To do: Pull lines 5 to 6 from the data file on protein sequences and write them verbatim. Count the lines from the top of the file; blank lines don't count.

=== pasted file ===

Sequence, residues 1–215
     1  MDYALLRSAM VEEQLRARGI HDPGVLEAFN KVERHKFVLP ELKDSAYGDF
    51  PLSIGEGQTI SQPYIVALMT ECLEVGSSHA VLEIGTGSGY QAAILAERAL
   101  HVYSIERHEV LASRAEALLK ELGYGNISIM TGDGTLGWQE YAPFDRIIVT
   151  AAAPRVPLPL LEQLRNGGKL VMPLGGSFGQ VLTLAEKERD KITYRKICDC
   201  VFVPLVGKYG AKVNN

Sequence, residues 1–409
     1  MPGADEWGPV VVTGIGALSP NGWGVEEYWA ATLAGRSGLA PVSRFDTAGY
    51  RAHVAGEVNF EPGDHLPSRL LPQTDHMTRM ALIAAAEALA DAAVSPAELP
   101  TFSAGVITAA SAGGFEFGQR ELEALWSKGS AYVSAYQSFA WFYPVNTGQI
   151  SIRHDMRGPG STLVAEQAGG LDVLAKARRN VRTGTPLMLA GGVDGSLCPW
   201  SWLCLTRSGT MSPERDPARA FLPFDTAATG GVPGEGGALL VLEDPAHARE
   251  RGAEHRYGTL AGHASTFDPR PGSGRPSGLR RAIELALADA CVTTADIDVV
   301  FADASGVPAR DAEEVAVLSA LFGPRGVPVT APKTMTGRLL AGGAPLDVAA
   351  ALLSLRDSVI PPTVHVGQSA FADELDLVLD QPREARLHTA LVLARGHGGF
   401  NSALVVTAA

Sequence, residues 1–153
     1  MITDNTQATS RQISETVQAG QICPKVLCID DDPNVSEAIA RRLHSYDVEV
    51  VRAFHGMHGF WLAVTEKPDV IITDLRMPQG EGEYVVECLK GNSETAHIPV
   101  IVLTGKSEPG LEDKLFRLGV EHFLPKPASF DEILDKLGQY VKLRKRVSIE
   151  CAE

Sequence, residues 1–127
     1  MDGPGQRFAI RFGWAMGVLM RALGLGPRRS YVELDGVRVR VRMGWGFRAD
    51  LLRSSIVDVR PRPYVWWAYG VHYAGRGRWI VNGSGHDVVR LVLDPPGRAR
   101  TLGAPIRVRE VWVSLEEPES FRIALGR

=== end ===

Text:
   151  AAAPRVPLPL LEQLRNGGKL VMPLGGSFGQ VLTLAEKERD KITYRKICDC
   201  VFVPLVGKYG AKVNN